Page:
Ex Hex at Soup Kitchen, 12 February

I'm not so into February. You know what's good in February? An all-woman power pop band fronted by fount of musical awesomeness Mary Timony. I want Ex Hex hanging on my wall in a box with a little sign that says: IN CASE OF FEBRUARY, BREAK GLASS. Their Rips was one of my favourite records of 2014: a storming succession of short and punchy riffed-up songs that will make you slam dance around your kitchen. Or Soup Kitchen.




D'Angelo at The O2 Apollo, 18 February

Sneakily dropped on us like a stealth soul bomb in December, the long-awaited Black Messiah is an intensely textured and timely album, and features the work of the exquisitely-named bass genius Pino Palladino. Pino, Pino, Pino...





Father John Misty at Gorilla, 24 February

He was the drummer in the Fleet Foxes and recorded a bunch of moany songs as J. Tillman before re-inventing himself as the glorious Father John Misty after some psychedelic vision in a tree. His new album I Love You Honeybear, produced by Laurel Canyon music god Jonathan Wilson, is out on 9 February and to say I'm looking forward to hearing it is kind of an understatement. I actually don't even know where to start with this guy. Maybe just read this. And listen to this:




Olafur Arnalds at RNCM 26 February

Appearing as part of FutureEverything (25-28 Feb), Icelandic composer Olafur Arnalds has recently become better known here on account of his excellent film and TV scores, most recently for Broadchurch. It's good stuff for long winter evenings: spare, minimalist electronically-inflected classical music that exudes warmth and emotional resonance. Should be mesmerising live.




Ariel Pink at RNCM 28 February

Another gig that's part of the FutureEverything programme, Ariel Pink. With the Haunted Graffiti he made some good lo-fi psych pop, with appealing melodies and growly singing. On his newest release, pom pom, he's performing as a solo artist. Oh, and he likes to say daft things. He's a kind of professional weirdo at this point. Honestly worth going down just to see what he does. And wears.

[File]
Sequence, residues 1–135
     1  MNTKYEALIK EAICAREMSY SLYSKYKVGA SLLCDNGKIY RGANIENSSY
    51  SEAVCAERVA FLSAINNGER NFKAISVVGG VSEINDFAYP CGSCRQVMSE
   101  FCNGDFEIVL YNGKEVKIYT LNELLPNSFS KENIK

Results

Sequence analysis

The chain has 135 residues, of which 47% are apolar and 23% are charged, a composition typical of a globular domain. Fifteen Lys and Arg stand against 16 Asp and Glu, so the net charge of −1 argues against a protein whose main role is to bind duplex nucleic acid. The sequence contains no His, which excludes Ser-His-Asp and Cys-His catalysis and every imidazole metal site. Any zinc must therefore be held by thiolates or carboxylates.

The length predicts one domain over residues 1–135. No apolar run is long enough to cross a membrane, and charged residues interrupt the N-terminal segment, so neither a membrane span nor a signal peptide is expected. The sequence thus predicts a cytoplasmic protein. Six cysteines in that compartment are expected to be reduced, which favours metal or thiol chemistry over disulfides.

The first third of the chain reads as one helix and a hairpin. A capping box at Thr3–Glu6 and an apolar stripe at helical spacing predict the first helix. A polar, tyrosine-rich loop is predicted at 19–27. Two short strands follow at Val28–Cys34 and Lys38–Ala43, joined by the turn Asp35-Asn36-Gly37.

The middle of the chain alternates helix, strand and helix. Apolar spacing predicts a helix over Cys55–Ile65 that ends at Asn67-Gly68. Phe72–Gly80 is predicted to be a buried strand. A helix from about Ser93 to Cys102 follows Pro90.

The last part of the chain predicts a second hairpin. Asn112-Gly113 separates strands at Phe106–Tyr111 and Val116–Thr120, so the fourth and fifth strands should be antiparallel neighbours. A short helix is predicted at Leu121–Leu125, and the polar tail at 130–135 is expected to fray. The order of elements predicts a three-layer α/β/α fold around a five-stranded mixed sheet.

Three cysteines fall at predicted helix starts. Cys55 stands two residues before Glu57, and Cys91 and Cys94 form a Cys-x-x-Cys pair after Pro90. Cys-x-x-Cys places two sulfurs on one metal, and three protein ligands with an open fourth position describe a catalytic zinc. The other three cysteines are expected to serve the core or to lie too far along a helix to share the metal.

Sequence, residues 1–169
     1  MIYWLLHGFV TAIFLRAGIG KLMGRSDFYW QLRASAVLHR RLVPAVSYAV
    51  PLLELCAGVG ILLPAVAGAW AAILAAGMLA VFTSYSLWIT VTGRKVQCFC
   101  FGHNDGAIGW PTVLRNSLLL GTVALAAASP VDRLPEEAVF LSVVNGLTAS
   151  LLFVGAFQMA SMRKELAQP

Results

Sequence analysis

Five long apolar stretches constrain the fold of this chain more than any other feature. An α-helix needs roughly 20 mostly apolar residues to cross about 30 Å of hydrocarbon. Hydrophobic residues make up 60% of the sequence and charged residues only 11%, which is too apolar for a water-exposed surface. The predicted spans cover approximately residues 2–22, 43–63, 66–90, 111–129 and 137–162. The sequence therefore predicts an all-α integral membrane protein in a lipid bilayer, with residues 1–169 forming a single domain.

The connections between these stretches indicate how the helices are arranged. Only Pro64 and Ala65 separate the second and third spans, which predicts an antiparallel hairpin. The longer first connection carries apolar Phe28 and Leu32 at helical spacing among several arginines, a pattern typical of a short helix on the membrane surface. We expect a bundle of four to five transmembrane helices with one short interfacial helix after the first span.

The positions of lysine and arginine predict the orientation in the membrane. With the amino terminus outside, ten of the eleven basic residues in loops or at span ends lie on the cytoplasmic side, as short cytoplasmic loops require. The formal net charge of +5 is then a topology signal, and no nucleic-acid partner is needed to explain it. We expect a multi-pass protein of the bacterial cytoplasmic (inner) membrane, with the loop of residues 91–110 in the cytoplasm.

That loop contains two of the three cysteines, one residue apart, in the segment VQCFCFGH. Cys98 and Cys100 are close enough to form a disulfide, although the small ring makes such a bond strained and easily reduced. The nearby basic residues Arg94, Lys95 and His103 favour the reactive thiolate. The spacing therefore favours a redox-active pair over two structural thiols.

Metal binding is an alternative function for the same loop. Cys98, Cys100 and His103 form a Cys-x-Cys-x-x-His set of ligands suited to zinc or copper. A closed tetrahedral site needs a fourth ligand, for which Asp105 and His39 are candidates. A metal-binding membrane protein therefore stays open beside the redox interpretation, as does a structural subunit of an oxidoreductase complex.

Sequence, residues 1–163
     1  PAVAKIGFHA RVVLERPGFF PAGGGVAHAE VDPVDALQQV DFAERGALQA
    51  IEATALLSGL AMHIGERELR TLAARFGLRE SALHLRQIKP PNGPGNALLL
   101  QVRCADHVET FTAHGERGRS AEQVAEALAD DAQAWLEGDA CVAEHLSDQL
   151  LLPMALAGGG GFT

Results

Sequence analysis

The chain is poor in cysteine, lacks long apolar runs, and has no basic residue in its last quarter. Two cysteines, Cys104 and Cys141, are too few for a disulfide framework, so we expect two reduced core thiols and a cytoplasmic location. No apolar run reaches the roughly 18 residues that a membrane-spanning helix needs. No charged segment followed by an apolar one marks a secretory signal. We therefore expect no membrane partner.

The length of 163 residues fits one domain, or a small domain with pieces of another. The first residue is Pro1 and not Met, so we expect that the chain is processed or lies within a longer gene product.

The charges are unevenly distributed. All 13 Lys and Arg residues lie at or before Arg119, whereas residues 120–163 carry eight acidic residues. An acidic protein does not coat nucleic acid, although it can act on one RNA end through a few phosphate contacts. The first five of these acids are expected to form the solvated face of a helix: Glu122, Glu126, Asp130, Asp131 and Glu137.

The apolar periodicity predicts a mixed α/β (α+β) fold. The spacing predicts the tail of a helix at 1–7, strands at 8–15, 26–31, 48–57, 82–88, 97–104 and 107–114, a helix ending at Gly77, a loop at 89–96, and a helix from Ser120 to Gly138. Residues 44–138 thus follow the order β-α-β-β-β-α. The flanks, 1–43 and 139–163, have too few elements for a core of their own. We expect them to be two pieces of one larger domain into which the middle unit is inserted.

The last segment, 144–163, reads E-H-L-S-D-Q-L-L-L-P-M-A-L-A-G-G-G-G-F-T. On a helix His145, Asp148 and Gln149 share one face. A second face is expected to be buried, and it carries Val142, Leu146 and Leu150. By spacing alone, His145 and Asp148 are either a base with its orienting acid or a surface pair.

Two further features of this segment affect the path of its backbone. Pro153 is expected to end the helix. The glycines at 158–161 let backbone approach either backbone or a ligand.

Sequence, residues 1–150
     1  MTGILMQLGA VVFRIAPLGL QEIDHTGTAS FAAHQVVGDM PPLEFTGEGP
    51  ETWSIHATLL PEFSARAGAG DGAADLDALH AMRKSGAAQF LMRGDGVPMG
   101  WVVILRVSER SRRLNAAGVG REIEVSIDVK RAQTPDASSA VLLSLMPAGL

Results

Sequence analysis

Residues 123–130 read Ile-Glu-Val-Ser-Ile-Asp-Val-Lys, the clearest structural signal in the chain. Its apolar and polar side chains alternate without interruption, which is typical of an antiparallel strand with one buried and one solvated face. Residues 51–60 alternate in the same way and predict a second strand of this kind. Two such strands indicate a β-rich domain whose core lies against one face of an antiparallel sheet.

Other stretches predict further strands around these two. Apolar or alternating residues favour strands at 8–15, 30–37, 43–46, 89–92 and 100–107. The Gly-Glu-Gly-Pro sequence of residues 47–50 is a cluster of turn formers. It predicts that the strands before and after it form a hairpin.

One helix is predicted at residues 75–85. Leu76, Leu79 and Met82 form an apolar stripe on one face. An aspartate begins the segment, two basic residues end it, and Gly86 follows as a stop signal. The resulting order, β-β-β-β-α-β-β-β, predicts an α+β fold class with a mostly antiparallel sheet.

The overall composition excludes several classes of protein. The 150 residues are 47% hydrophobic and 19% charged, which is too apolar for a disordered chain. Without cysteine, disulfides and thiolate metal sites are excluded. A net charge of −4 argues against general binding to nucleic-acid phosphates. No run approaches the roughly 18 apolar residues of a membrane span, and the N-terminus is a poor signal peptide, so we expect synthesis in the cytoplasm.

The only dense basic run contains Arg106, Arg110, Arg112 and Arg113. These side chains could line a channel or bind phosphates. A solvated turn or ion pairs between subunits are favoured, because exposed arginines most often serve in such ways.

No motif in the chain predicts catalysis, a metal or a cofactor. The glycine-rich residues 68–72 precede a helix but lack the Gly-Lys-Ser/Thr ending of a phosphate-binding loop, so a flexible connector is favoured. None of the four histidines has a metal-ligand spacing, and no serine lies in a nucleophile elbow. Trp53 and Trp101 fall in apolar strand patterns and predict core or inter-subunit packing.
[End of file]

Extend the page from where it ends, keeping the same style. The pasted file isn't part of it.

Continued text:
MARCH

All We Are at the Deaf Institute, 9 March 

All We Are are from Liverpool and I've been listening to their eponymous new album for a couple of days now but I still don't know how to describe it. Hmm. Can't really better their own description: "The Bee Gees on diazepam". No? Oh, okay, it's kind of stripped down electronic post-rock, with a dreamy, shoegazey wash of guitars and boy-girl vocals but sunnier and poppier than, say, the xx. Good tip from the clued-up folk at our friendly local record store, Piccadilly Records.





Handsome Family Band at the Martin Harris Centre, 21 March 

The husband and wife duo of Brett and Rennie Sparks make a cinematic kind of alt-country that reminds me a little bit of Nick Cave and, actually, Calexcio (see April). They've been performing together for 20 years, which makes their gigs feel like real family affairs.



Dutch Uncles at The Ritz, 27 March

The Manchester heroes of angular, thoughtful-math pop launch their long-awaited new album with a hometown gig and a tighter, more polished sound.






APRIL

Courtney Barnett at Gorilla, 3 April 

Australian singer-songwriter Courtney Barnett's debut album is yet to come out, but her double EP A Sea of Split Peas is full of songs that are raw and messy and delivered in a deadpan shout. If you're as tired of twee, safe, overly-produced lady singer-songwriters as I am, you might like her. Her lyrics are always excellent, as in the cuttingly Dylanesque Out of The Woodwork. But her just-released  single is faster and even edgier. She clearly hasn't calmed down any. Good.



Calexico at The Albert Hall, 30 April